Do you remember the moment in time that you came up with a really crazy and wild idea?
I’ve been to Belgium three times before for short competition trips. The last time I went was February 2016. I was at the final Superprestige of the season (notable because it was Sven’s last Superprestige). I had just finished the race, and was somewhat lost in the finishing area, as a crush of people were suddenly on the course making their way to podium. Ellen Van Loy (yes, that Ellen Van Loy) got my attention and led me behind the podium and out. Riding through the crowds, soaking up the atmosphere, I though, there’s no reason I couldn’t…..
That particular race was overwhelming. It took place in an industrial area, essentially in the backyard, unused land of several businesses. They must have dropped tons of fill there when they built the buildings, as the course was nearly 100% loamy, saturated soil, and sand. One could ride downhill through the mud with the assist of gravity, but much of the lap was just a foot race through mud over the ankles. It was different than any race I had ever done before; well, save high school cross-country.
Going to Belgium once a year was one thing. The first two times were eye-opening and wonderous. The third time, I was struck by how really different everything was, the riding, the language, the culture. Cyclocross in Belgium (at least the late-season heavy, muddy races) is so very different; it’s almost a different sport. What if I prepared the best that I could in the U.S, and then went to Belgium and raced to set a base-line? Over the course of a Belgium season, could I move up 10 places in the field; essentially, could I learn to ride Belgian CX?
As I looked around me, I thought there is so much different here: challenging courses and weather, the atmosphere (the smell of frites, beer, and cigarettes) and announcements in a different language. If I immersed myself in the place, what could I learn?
This project was two years in the making. For the remainder of that trip, I walked around trying on the idea for size. Where would I live? Could I drive a car in Europe? Everywhere I went with my husband Michael, I imagined what it would be like doing this alone. And I gently shared my idea with Michael, “What if?” Fortunately, I have a loving, supportive husband, who appreciates this overwhelming sport passion that makes me, me.
My original plan was to go in 2016-2017, but the idea burned out somewhere in the middle of the summer, between looking realistically at costs, and the summer weather taking my mind so far away from wet, cold Belgium. I thought I had kicked the crazy Belgium idea to the curb. Who am I to dream of such a thing anyway?
Then fall came, and I started streaming Belgian cross every Saturday and Sunday morning. There was the Flemish, and those tough courses, and the mud. I hadn’t gotten over Belgium. And then friends and family supported the idea, even nudged me along, as I spoke of it with more and more passion.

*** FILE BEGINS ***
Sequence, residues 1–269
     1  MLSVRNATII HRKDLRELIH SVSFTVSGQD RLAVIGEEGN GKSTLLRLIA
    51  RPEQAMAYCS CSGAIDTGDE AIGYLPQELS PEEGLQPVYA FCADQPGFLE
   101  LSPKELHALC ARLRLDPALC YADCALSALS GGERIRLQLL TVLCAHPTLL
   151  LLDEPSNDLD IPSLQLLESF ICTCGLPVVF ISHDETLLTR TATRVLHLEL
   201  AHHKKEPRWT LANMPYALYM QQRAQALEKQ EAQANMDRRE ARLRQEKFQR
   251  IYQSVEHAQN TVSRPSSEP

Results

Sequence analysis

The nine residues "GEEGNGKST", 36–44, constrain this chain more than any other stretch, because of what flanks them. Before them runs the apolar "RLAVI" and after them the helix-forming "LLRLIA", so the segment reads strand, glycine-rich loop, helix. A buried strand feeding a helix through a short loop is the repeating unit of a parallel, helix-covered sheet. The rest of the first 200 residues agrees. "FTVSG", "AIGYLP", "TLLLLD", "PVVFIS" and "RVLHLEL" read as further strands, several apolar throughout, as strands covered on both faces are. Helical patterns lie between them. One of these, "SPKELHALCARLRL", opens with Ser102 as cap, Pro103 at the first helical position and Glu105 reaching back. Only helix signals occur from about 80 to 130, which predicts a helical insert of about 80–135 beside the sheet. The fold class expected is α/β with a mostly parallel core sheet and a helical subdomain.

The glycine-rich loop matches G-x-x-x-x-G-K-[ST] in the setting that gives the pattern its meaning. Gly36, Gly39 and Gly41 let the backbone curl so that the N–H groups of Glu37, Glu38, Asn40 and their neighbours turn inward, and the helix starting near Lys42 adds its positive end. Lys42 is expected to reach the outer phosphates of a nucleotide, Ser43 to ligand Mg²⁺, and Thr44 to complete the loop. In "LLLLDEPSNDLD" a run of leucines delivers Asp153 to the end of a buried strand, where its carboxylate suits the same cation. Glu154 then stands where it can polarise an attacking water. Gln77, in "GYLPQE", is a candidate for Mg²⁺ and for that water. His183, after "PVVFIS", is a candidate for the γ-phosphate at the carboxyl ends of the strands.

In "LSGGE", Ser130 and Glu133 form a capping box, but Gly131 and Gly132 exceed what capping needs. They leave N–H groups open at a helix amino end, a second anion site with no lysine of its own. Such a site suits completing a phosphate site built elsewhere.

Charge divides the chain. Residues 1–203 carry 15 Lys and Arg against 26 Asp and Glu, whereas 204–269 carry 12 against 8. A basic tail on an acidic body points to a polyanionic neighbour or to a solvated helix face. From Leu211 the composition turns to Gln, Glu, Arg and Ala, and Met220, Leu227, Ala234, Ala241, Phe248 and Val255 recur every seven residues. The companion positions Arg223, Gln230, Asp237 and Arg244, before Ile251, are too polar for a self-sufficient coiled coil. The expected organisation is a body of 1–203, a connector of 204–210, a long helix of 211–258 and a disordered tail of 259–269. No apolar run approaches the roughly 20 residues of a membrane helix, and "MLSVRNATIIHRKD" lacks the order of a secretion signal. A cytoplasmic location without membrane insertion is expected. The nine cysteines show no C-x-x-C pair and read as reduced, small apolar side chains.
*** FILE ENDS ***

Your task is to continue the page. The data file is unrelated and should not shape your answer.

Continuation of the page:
I am leaving the Sunday after Thanksgiving and returning near the end of February. My trip is just shy of 90 days, the maximum visit allowed without a visa. I am staying in Aarsele, which is near Ghent. I will be racing a full UCI schedule and watching the World Championships. Michael will be visiting for Christmas and hopefully again in February.
This whole trip is possible thanks to the support of a team of mechanics who I worked with the last two trips. They have become friends, and will not only be providing me professional support on race days, but have helped me with the many other details: housing, borrowing a trainer and road wheels, recommendations for chiro and massage, etc. I feel welcome and supported.
It took two years of focused saving to afford this trip. I set a trip budget and then a savings plan, tracking all my expenses in an ap. I’m very lucky to be able to take a leave of absence from work. This keeps me in health insurance and assures me the chance to rebuild my savings when I return.
Goals and Objectives
This is a racing trip, but that’s not all. Think of it as a semester abroad at the University of Cyclocross. I don’t know exactly what my post-elite racing life will look like: coaching, directing, managing a non-profit supporting athlete development? While I’m delighted that CX is becoming international, its heart remains in Europe. I want to be part of developing the next generation of U.S. riders who can succeed abroad.
Ever know that you need a kick in the pants? We’ve all heard about how hard it is for an American to live and race in Europe, especially, cold, dark, wet Belgium. And living alone and away from my husband for three months…need I say more? But why do people thru-hike the AT or paddle a kayak around Lake Superior? This is living life to its fullest. Years of racing (and life) have taught me that no one will ever tap you on the head and give you an opportunity; you make your own opportunities.
I want to learn Dutch. I don’t think you can really know a place until you learn its language. To that end, I’ve taken two semesters of Dutch from the University of London, followed up by tutoring from a Flemish woman who lives in St. Paul. In Belgium, I plan to continue with the University of London, and join a local conversation group.
I’ll be writing here, as well as for CX Magazine, and doing some podcasts. While Trek has brought the DVV series to American computers on weekend mornings, and Crosshairs Radio and CX Magazine provide great coverage, there’s still room to shed some light on European cyclocross.
So begins the trip of my lifetime…..